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College of Arts & Sciences
Department of Statistics

Bias Adjustment: Local Control Analysis of Radon and Ozone

Thursday, September 29, 2016 - 2:45pm

Thursday, September 29, 2016 - 2:45pm

Where: LeConte College, Room 210

Speaker: Stan Young

Affiliation: National Institute of Statistical Sciences

Title: Bias Adjustment: Local Control Analysis of Radon and Ozone

Large, complex observational data sets typically present research opportunities, but also problems that can lead to false claims. In Big Data, the standard error of an average effect estimate goes to zero as sample size increases, so even small biases can lead to declared (but false) claims. The average of a treatment difference, a so called main effect, can often be meaningless when there are interactions with confounders that create local variation in effect-sizes. Scientists need statistical methods that can deal simply and efficiently with these sources of bias. Here, we demonstrate use of a new statistical analysis strategy, Local Control. The basic concept for Local Control is to first cluster the data and then do analysis within the clusters. Our first case study illustrates reduction of bias in an environmental epidemiology data set, radon. Our second study uses Local Control on a time series air quality example. By detecting interactions, scientists can produce more realistic and more relevant analyses that reduce the bias typically implied by the variety and heterogeneity of Big Data. Our results are rather surprising. Radon appears to protect against lung cancer, not cause it and ozone appears to have little or no effect on acute mortality, rather than cause deaths.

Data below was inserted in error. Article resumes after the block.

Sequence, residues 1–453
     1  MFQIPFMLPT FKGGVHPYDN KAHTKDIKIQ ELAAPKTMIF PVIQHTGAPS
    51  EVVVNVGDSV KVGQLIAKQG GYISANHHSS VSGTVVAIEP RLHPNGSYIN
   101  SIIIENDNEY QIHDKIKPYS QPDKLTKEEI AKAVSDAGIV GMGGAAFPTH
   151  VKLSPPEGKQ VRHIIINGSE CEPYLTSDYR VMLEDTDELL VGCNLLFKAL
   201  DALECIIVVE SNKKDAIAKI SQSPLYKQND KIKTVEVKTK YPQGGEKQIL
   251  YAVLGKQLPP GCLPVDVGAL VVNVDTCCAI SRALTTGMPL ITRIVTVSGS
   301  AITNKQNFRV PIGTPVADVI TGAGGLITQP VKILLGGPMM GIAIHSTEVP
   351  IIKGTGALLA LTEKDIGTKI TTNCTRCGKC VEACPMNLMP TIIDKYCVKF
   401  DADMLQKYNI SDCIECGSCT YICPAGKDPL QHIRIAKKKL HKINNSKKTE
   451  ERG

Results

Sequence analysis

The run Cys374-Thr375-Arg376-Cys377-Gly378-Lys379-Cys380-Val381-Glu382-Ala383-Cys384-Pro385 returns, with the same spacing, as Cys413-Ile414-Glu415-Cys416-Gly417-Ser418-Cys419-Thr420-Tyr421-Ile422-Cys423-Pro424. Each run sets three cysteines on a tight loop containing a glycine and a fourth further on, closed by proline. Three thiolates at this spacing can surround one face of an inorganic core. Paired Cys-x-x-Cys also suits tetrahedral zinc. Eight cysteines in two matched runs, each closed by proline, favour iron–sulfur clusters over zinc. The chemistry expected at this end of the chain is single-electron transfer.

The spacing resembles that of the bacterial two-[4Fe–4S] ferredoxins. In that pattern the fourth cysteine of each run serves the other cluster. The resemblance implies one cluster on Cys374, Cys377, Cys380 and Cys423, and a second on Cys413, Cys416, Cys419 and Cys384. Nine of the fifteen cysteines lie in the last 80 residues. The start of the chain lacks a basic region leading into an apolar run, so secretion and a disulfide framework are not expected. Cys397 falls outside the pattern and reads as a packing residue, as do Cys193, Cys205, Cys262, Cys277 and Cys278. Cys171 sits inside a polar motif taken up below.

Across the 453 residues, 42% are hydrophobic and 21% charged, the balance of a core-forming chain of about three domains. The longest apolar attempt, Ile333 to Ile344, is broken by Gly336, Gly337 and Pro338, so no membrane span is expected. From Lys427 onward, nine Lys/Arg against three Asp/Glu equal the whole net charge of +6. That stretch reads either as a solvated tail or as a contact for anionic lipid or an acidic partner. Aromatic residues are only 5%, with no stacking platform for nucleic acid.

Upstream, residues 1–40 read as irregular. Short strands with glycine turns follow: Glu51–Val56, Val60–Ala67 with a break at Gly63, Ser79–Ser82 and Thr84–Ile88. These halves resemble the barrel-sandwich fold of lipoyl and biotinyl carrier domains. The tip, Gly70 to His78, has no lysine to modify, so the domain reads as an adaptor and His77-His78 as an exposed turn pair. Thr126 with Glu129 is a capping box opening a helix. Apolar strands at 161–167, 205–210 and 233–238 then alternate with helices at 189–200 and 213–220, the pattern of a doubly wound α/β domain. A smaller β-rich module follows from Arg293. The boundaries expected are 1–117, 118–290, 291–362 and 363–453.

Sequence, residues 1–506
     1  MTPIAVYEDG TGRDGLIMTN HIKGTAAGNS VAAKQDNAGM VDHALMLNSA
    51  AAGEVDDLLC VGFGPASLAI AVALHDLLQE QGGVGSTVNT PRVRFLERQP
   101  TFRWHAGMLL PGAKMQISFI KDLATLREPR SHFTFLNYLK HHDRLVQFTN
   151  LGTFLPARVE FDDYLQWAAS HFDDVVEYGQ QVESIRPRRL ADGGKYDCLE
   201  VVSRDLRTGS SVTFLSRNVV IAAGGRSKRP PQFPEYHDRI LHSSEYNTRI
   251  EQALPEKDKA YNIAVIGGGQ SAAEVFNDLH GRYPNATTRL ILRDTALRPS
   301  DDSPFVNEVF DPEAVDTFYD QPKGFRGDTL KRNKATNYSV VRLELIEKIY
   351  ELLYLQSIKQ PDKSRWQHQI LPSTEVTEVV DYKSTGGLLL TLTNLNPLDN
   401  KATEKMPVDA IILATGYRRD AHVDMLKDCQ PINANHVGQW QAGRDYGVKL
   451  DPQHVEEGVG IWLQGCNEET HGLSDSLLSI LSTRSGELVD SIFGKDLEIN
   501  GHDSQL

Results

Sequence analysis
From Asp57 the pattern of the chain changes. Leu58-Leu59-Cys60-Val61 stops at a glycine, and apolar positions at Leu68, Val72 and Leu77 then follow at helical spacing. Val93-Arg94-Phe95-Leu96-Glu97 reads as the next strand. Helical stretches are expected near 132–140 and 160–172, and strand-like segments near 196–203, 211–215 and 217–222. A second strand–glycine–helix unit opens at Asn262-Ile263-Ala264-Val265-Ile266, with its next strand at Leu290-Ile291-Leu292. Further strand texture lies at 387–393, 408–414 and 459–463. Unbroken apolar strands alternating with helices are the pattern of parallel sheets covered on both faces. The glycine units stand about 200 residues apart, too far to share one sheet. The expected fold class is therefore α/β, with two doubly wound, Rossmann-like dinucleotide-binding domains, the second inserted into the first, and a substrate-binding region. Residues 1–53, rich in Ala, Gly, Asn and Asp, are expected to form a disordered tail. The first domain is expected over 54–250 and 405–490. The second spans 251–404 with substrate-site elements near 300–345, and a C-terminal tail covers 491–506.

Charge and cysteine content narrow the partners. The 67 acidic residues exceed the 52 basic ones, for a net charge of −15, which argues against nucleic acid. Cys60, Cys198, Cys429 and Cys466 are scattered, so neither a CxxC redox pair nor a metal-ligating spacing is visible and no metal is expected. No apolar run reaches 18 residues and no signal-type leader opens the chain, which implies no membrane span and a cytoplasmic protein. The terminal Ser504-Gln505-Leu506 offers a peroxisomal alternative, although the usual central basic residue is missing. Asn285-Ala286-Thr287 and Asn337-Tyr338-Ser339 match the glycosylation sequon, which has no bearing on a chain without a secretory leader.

This research is joint work with Robert L. Obenchain, Goran Krstić and Cheng You.

PDF icon Announcement—Stan Young, Bias Adjustment: Local Control Analysis of Radon and Ozone
PDF icon Presentation—Bias Adjustment: Radon and Ozone. Young, Obenchain, & Krstić. V02
PDF icon Fair Treatment Comparisons in Observational Research. Lopiano, Obenchain, & Young, 2014.
PDF icon Advancing Statistical Thinking in Observational Health Care Research. Obenchain & Young, 2013.